A North Korean army minister has reportedly been executed after drinking during the mourning period for Kim Jong-il.
Kim Chol, vice minister of the army, was taken into custody on the orders of Kim Jong-un, who took over the leadership of the closed Communist state when his father died in December.
The Communist Party chief reportedly ordered executors to leave "no trace of him behind, down to the hair," the Daily Telegraph said.
The execution of the army minister is seen as part of a purge of members of the North Korean military who might threaten the fledgling regime of Kim Jong-un.
It is thought that up to 14 senior officials could have been killed since the new regime took over, according to intelligence data provided to Yoon Sang-hyun, a member of the South Korean Foreign Affairs, Trade and Unification Committee.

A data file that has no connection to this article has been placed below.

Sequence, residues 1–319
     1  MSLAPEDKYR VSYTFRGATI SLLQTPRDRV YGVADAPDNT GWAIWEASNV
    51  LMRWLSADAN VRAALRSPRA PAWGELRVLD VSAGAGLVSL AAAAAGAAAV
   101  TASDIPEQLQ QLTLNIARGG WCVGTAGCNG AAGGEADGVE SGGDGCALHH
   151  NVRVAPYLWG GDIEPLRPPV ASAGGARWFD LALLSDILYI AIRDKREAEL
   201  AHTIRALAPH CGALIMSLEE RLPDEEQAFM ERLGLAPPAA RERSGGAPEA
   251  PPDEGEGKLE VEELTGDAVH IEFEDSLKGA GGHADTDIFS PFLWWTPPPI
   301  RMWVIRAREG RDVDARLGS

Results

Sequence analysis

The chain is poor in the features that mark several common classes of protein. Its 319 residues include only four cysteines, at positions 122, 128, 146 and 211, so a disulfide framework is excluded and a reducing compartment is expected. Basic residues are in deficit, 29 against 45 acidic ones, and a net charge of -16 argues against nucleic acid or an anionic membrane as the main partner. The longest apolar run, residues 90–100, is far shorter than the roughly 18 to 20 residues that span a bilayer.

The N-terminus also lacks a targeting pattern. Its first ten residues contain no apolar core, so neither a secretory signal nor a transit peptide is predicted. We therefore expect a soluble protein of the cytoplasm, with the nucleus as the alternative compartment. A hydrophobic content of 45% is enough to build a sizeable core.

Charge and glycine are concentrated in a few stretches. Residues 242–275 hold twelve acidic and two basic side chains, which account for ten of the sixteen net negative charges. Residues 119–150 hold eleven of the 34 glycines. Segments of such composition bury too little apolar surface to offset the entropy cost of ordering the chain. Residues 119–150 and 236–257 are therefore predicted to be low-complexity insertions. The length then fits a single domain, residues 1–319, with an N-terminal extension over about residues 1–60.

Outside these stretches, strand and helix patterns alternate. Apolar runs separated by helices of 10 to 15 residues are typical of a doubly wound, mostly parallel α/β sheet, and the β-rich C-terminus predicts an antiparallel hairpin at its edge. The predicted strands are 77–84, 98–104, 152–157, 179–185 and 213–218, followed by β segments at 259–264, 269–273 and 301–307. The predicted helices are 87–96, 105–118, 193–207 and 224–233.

Those that are also thought to have fallen from favour include Ri Yong-ho, the head of the army and Ri Kwang-gon, the governor of the North Korean central bank.
The execution, which took place in January, came in a bizarre period of public mourning during which the regime issued instructions to the 25 million population to express their sorrow at the death of their 'Dear Leader' by abstaining from pleasurable activities, including drinking alcohol.